|Hey, nice package|
By Bob Halloran
Special to Page 2
We chose a president who "misunderestimates" and hears "subliminable" messages mostly because the other guy was a boring, robotic bully. We didn't like Al Gore's package, as it were. He stood too close to Dubya during the debates. He interrupted. He even had the nerve to act like he was smarter than George W. Bush. But let me tell you, that wasn't acting. But the nation wasn't nearly as interested in ideologies and platforms. We judge our books by the cover, and we chose the soft one. It was the same thing in 1960 when people who listened on the radio thought that Richard Nixon won the debate with John F. Kennedy, while people who watched on television saw Nixon sweat from his jowls on down and concluded that the good looking guy won. It's packaging. It's presentation. It's preposterous.
From the day we're born, we start being influence and fooled by packaging. A baby stares at a shiny object. A boy is mesmerized by the pretty girl in his class only to find out she's a cruel, heartless witch who'll dump him for some kid with a car. (I'm talking to you Sue Fallon!) And a man is captivated by an infomercial promising rock hard abs simply by strapping an electrocution belt around his waste while he finishes off the last of the carrot cake. (It's made from carrots, so it must be good for you. Right? I think I'll have another slice just to make sure I'm extra healthy, and I'll do another 10 minutes with the electric shock belt).
We've gone from selling "used" cars to "almost new" cars to "previously owned" cars. And just recently, I saw a billboard advertising "previously loved" cars. Obviously, the dealer is preying on the customer's naïve susceptibility. If given the choice between some old used car and one that was truly loved, I'm going to choose the one that has already proved itself to be lovable every time. In fact, that's going to be first question the next time I buy a car. Did the previous owner use this car, or did he love it with the white hot passion of a thousand suns? All right, you sold me. I'm taking the minivan home. Packaging. Presentation. Pitiful.
Going to a sporting event these days is like waking up on Christmas morning and seeing a large, wonderfully wrapped present under the tree. There they are, Heinz Field, Gillette Stadium, Reliant Stadium, etc. They sit there like some large box covered in shiny green paper and a giant red bow. Fans will flock to those stadiums just to get an up-close and personal look at them. They want to see the box. But there's a game inside. Just like there was a Barbie's Dream House, or Bob the Builder play set, or lots of balled up newspapers and a deck of playing cards inside that large box on Christmas morning. (The deck of cards was funny, Mom and Dad. I'm still laughing).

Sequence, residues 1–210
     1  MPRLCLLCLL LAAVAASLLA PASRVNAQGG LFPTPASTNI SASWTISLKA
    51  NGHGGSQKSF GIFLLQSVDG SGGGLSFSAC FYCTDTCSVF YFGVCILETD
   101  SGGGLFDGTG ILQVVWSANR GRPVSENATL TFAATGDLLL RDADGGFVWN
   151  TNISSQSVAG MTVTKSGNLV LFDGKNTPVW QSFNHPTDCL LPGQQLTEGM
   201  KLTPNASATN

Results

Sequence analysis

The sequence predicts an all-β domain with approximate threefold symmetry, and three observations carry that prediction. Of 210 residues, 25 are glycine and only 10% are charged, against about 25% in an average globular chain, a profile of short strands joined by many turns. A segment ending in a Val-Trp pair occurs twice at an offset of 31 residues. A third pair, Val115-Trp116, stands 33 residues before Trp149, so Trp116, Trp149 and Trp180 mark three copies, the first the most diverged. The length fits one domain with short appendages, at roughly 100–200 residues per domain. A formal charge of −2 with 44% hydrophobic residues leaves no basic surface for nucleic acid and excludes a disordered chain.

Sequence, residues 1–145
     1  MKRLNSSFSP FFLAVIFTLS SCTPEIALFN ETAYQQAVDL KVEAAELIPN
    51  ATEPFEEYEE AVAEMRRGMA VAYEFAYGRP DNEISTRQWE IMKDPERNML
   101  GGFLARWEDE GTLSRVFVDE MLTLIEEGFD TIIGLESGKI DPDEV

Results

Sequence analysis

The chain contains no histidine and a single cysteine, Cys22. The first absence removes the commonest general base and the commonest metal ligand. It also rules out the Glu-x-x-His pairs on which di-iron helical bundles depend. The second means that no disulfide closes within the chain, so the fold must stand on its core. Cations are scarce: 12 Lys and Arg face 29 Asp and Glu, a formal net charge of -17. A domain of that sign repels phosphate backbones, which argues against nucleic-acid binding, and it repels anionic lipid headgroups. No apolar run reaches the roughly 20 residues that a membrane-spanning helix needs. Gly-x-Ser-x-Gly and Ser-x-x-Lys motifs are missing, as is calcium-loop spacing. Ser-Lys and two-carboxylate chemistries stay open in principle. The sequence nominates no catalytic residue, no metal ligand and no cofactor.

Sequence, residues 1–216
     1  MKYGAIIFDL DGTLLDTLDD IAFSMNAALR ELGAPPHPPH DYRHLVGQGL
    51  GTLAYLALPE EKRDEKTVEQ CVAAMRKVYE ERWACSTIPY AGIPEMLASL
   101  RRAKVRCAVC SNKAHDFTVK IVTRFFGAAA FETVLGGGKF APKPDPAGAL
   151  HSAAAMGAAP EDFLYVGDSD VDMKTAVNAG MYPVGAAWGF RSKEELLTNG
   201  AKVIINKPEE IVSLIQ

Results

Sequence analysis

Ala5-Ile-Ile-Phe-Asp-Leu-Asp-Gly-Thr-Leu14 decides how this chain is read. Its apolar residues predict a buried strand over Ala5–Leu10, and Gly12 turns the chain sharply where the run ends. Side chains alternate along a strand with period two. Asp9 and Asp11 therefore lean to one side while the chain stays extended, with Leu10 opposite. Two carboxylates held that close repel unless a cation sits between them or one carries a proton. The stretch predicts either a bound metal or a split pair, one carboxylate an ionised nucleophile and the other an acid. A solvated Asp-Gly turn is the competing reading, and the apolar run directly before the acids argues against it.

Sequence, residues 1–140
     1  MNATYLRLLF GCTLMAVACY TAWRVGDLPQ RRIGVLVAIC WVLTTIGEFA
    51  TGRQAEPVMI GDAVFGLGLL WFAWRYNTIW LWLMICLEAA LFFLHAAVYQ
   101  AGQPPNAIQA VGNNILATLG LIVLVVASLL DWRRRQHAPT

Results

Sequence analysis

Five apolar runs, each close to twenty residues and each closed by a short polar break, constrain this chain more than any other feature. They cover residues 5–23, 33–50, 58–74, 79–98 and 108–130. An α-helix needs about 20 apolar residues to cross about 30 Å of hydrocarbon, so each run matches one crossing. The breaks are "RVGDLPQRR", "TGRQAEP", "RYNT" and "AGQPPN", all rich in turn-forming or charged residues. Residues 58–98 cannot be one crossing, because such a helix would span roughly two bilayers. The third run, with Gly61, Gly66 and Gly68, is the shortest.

Not that there's anything intrinsically wrong with having a little entertainment with your entertainment, I just don't need it. I tune in to see the Super Bowl every year because I love football. But what's with the overhyped, prepackaged four-hour pregame show? We get about two minutes of football analysis and 238 minutes of live music, network self-promotion and overzealous commercials. I get more X's and O's on a birthday card from my kids. But I didn't tune in for packaging. I tuned in because I'm a football fan. Give me football or give me Death ... to Smoochy. I'll watch that tripe on tape, and then switch back for kick-off.
I hear that overrated tennis phenom Andy Roddick thinks there should be loud music playing during the changeovers of tennis matches. Again, I could take it or leave it. But what's the point? Is that really going to attract more fans? Do ring card girls draw boxing fans? Should golf crowds be encouraged to form a conga line as they move from tee to green? Do mascots, music and T-shirts being lobbed from a giant sling-shot really fill seats? Is that why kids go to games? I don't think so. My kids go to games because I drag them kicking and screaming the whole way. And they're not going to become baseball fans because some fanatic dressed up in fur gives them a hug. Not even if it's an actual mascot, and not just a nut starved for attention. They're not going to become football fans because of the interactive games over at The NFL Experience. Yes, they might enjoy themselves more. But they're not going back to another game until I scrape up another $250 to drag them back again. And they're not going to be more likely to bring their kids to a game some day unless they've miraculously become sports fans over the years. I keep praying for that. But while I believe God answers all prayers, sometimes he just laughs at us.
At a ballpark near me, I went to see the New Britian Rock Cats. Every player had his own theme music blaring from the speakers when he came to bat. The mascot was signing autographs. There were contests with fans on the field between innings. Some guy with a microphone walked through the crowd with prizes. The public address system played sound effects like glass shattering when a foul ball went near the parking lot. It was a wonderful summer night full of energy. The kids ate it up. I liked it, too. But I'm telling you, oversaturating the marketplace with "entertainment packages" will not create a new generation of sports fans. Kids have to learn to love the game. And it's harder to learn with all the distractions. The distractions are just icing. The game is the carrot cake. Mmmm. I think I'll put the shock belt on full power.
Bob Halloran is an anchorman for ESPNEWS.